Thirdly, save or invest the rest. This is the key to financial independence. By saving as much of your income as possible, you’re building up a portfolio of investments that will, in time – and, again, thanks to the magic of compound interest – provide a financial return that can take the place of a salary and fund your outgoings.
FI-ers have a preference for low-cost index funds, which track the performance of the stock market as a whole. This is because (a) you spend less of your hard-earned cash on fees and (b) you’re investing in a wide range of companies across different countries, so your portfolio is less vulnerable to short-term shocks. But other options are available.
The aim is to get to the point where you can cover your expenditure from the return on your investments. You then no longer need to work and have achieved financial independence. The remarkable thing about this, though, is that while it’s not exactly easy, its also perfectly feasible for many people with a bit of effort.
The general principle within the FI community is that you need to build up an investment portfolio that is equal to 25 times your annual expenditure. This is so that a 4% return on your portfolio (which is reasonably realistic based on long-term trends, but you might want to err on the cautious side) provides you with income equivalent to your annual expenditure.
So if you spend £20,000 a year, for example, you need to build up an investment portfolio with a value of £500,000.
The more you earn and the less you spend, the quicker you’ll reach financial independence. This is because (a) the more of your income you invest (as opposed to spend) the quicker you’ll reach your target portfolio value and (b) the less you spend, the less money you actually need in your portfolio to cover your annual outgoings.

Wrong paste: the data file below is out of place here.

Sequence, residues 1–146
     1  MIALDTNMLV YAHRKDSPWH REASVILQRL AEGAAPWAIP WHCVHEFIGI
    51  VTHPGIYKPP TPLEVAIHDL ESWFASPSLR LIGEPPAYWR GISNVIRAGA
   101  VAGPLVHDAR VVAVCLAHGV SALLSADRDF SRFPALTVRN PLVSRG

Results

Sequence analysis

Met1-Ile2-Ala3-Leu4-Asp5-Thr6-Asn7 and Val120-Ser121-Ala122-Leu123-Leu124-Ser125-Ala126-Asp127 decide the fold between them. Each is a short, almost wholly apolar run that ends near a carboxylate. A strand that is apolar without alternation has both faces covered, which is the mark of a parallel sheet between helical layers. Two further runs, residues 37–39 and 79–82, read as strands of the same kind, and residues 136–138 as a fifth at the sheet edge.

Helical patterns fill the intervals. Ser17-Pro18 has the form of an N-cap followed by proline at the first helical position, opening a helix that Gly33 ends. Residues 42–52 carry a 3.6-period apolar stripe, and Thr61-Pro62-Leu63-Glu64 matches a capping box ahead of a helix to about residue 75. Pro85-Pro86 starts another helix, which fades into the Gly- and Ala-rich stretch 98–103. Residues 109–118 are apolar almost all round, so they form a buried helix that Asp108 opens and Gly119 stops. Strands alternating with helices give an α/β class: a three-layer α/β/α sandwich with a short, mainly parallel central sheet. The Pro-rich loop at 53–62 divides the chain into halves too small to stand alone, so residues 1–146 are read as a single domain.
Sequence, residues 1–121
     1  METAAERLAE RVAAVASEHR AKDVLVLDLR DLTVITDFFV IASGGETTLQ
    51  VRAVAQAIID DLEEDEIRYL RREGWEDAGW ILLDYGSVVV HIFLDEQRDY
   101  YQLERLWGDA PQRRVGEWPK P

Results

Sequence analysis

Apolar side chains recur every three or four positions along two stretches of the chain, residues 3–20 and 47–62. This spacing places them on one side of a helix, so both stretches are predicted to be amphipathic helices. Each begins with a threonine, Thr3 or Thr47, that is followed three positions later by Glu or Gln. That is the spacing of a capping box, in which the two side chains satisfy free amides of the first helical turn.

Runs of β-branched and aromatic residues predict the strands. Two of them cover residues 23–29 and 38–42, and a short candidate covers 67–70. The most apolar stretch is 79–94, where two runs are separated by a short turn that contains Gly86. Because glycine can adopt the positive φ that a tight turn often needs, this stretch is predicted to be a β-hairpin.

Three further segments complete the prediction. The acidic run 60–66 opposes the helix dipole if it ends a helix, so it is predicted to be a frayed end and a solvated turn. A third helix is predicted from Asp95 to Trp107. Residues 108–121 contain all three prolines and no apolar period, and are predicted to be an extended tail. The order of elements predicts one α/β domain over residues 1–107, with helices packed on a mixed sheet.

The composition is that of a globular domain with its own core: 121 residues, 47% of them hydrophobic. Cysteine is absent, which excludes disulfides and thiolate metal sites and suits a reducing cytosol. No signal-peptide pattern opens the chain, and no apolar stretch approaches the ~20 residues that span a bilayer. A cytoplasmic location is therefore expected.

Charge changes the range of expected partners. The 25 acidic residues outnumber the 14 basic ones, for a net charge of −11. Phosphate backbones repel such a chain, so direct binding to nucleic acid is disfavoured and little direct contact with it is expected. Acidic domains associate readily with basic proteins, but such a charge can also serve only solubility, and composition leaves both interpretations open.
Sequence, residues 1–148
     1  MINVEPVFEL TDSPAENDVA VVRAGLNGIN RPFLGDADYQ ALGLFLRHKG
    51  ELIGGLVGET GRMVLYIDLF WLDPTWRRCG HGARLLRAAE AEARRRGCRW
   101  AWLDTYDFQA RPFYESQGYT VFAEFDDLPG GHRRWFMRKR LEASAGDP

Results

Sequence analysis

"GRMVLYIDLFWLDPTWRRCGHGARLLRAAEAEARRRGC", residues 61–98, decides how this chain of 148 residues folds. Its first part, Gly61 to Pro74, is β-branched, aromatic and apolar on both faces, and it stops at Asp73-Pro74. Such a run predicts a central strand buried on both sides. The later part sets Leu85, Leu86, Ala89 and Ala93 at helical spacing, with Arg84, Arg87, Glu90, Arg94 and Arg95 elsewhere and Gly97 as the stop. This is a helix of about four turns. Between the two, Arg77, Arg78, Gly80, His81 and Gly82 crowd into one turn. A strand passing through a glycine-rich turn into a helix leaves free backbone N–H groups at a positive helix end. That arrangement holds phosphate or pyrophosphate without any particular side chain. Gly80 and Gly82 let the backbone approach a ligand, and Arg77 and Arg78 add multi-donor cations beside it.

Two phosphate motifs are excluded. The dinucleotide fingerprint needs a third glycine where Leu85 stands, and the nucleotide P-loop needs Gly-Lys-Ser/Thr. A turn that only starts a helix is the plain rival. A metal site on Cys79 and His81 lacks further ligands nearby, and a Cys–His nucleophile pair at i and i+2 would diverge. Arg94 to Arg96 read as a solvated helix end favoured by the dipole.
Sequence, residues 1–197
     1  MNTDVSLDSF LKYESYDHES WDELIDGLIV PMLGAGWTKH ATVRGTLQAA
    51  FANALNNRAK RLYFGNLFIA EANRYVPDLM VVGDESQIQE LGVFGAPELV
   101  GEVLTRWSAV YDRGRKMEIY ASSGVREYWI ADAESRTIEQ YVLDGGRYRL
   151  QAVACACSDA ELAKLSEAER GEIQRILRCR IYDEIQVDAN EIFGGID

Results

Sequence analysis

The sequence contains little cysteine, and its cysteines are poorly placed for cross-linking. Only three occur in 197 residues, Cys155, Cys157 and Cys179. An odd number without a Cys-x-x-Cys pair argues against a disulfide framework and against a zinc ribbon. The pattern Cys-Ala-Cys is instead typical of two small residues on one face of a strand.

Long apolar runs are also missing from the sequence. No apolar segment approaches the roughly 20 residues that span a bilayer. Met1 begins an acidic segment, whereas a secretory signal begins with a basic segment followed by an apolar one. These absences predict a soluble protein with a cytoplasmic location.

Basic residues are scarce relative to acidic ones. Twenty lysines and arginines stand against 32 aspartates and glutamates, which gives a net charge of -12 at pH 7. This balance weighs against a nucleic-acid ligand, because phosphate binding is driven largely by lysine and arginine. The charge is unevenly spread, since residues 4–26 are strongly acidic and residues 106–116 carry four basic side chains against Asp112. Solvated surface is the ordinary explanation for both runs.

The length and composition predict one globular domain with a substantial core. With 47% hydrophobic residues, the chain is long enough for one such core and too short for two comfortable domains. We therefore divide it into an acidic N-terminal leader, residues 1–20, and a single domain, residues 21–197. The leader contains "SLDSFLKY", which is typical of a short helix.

Following on from the example above, if you can cut your annual outgoings from £20,000 to £15,000, for example, then you’d only need £375,000 to reach financial independence.
Furthermore, the greater the proportion of your income that you’re able to save, the sooner you’ll reach financial independence. According to Networthify, if you save 30% of your income, for example, you can reach FI in 28 years. Regardless of when you start, by the way. And if you’re able to save 60% of your income, you can reach FI in 12.5 years.
Clearly, not everyone is in a position to do this. And not everyone will want to. We can, if we wish, stick with the tried-and-tested approach of working hard until we croak.
But that’s not the only way.
Note: I’ll write about my own approach to frugality, saving and financial independence in another blog post at some point. But if you want to learn more about financial independence right now, I’d point you towards The simple path to wealth by JL Collins, Meet the Frugalwoods by Elizabeth Thames, and the Choose FI community and podcast.
* It’s not really magic. It’s just maths.
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Disclaimer: I’m not a financial advisor. The information on my blog doesn’t constitute financial advice or recommendation and shouldn’t be considered as such.